A few weeks ago on Twitter, I saw a request from the Book Department of the American Diabetes Association for bloggers who might be interested in reading and reviewing books. As someone who enjoys reading and is always looking for blog topics, I jumped at the opportunity. Rather than being assigned a book, I was able to select the book(s) I wanted to review. I decided that I would opt for books that were a bit outside my comfort zone: books that rightly or wrongly I might not normally read. The books that I chose were provided to me free-of-charge, but my reviews, as always, are my own opinions.
My first selection was a short book by Neil M. Scheffler, DPM, FACFAS titled 21 Things You Need to Know About Diabetes and Your Feet.
Why did I pick this book? I chose it because I currently have no issues with my feet related to diabetes and I usually skip the chapter on foot care when reading diabetes books. By selecting this book, I wanted to force myself to read and learn everything that the podiatrist author deemed important. I also wanted to compare his recommendations to what is happening with my care team, my feet, and my diabetes.
Dr. Scheffler has written a concise guide to just about everything you need to know about having healthy feet and about the specific risks that those of us with diabetes face. Like every other discussion about diabetes and feet, he spells out the grim statistics on the first page and doesn’t take long to start talking about amputations. Fortunately he very quickly moves on to the good news as stated by the Center for Disease Control (CDC) that “comprehensive foot care programs, i.e., those that include risk assessment, foot-care education, and preventive therapy, treatment of foot problems, and referral to specialists, can reduce amputation rates by 45% to 85%.”
The “21 Things” referred to in the title are the 21 chapters of the book. Topics include the Diabetes Foot Care Team, Diabetic Neuropathy, Foot Ulcers, Shoes and Socks, and Emergencies. One thing that I particularly appreciated was the discussion that foot care requirements are not the same for everyone. Kind of a YDFMV (Your Diabetic Foot May Vary) attitude. (Thanks, Bennet of YDMV.) Although the author states that everyone should check their feet daily, he is quick to concede that a recently diagnosed Type 1 in her twenties probably does not have the same needs as someone who is a senior citizen with 20 years of diabetes and numbness in his feet.
So how do I measure up with the care of my feet which have carried me through 37 years of Type 1 Diabetes?
I’ll tell you the bad stuff first. By the third paragraph of Chapter 2, I’m already looking at a failing grade. Rather than an annual exam with a foot specialist, I have never seen a podiatrist in my life except for a free 5-minute exam at the ADA Expo in October. I wear sandals and thonged flip-flops frequently. Last year I didn’t go to the doctor for a bloody toe from an extended downhill climb in wet hiking boots. My endocrinologist does not check my feet.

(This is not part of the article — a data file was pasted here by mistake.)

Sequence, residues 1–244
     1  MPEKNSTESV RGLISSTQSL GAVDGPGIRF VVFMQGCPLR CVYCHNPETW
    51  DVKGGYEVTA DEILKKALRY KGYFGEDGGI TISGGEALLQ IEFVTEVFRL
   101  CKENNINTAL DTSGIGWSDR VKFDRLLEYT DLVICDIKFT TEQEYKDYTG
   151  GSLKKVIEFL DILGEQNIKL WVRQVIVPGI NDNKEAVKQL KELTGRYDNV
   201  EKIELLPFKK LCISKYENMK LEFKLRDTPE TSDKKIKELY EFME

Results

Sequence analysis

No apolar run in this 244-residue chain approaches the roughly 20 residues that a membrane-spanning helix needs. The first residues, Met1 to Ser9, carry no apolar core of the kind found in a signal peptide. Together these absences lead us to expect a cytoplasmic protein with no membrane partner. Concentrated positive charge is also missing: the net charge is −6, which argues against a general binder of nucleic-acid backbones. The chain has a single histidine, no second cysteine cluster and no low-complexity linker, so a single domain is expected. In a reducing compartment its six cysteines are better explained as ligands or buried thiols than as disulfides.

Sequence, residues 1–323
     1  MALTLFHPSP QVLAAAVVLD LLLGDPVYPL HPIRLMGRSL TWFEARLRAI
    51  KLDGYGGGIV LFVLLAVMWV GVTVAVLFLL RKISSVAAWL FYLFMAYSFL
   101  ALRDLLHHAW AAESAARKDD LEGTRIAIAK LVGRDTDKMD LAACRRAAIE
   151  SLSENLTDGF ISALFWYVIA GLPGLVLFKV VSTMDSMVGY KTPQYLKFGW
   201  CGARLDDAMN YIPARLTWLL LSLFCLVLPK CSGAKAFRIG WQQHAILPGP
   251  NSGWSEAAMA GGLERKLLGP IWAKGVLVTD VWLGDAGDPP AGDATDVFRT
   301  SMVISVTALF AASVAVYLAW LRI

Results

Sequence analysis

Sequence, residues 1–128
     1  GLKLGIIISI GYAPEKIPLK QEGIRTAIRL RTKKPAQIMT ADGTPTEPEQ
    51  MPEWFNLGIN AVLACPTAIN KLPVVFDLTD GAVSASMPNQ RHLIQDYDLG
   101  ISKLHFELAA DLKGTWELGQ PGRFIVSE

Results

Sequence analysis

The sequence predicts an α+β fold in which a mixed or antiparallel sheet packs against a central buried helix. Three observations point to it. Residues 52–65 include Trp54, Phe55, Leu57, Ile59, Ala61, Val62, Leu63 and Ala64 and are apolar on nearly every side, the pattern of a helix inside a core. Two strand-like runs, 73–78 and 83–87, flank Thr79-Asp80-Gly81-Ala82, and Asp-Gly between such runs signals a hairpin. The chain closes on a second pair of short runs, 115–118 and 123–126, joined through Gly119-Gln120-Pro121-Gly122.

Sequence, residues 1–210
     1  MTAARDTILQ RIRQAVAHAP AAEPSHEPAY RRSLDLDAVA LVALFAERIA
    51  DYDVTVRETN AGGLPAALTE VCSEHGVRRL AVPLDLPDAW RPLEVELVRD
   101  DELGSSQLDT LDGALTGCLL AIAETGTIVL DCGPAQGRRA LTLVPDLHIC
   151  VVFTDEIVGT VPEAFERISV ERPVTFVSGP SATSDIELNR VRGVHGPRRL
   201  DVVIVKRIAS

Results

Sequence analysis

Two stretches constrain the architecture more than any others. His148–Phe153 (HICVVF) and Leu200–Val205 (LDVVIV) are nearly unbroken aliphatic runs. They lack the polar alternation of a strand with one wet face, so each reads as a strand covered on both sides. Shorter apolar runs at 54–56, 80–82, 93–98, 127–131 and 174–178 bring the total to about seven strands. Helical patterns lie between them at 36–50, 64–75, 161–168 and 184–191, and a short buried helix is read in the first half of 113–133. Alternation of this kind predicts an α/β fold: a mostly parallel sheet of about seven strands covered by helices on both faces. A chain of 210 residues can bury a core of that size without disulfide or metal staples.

Before you take me into custody for a foot intervention, let me explain myself. My feet have always been in good shape and the last time my endo saw them, she stated that she wished all of her patients had feet as well-cared for as mine. Although many endocrinologists check feet at every visit, the ADA Standards of Care only require an annual comprehensive foot exam that includes checking for pulses and sensation as well as a visual screening. For me that exam is performed at my annual physical by my internist and my endo questions me to ensure that it has been done.
I am fortunate to have no numbness in my feet. I can feel the tiniest grain of sand and quickly respond to shoes or socks causing irritation. I use moisturizing foot creams daily to prevent painful heel cracks. My flip-flops are thick-soled with good arch support and I only wear them at home (okay, also at the beach). I wear high-quality socks such as Thorlo and Smart Wool. When hiking I often put on dry socks at lunchtime and always wear gel protectors (they’re like toe socks) on my second toes to prevent the kind of injury I had last year. I am still agile enough to inspect my feet and clip my nails.
Believe me, I take foot care very seriously even though I don’t follow every rule. I accompanied my father-in-law to many podiatrist appointments for wound care of foot ulcers resulting from Type 2 diabetes and congestive heart failure. One of my friend’s husband with diabetes had a leg amputated a few years ago. I have heard Kelly’s story of her continuing battle to save her foot as she fights various tissue and bone infections. There are others in the DOC who struggle with balance and numbness in their feet.
I’m not stupid. This is serious stuff. Although Dr. Scheffler would wish that I saw a podiatrist, I think that he would approve of how I care for my feet, work on achieving good blood sugars, and very importantly, don’t smoke.
I am getting older and have had diabetes for a long time. Just because I have never had a podiatrist appointment in the past doesn’t mean that I never will in the future. In fact I probably will. And like everything with diabetes, what I do is not necessarily what you should do. Follow your good sense, the advice of your medical team, and take care of your feet.
If you would like to purchase this book or any other books in the American Diabetes Association Store, please go to this link: http://www.shopdiabetes.org/